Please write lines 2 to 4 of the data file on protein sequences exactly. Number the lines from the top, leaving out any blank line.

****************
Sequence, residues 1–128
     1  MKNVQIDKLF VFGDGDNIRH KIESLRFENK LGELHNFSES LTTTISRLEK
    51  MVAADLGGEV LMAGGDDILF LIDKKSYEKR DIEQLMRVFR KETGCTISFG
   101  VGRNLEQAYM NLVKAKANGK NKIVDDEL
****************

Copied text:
     1  MKNVQIDKLF VFGDGDNIRH KIESLRFENK LGELHNFSES LTTTISRLEK
    51  MVAADLGGEV LMAGGDDILF LIDKKSYEKR DIEQLMRVFR KETGCTISFG
   101  VGRNLEQAYM NLVKAKANGK NKIVDDEL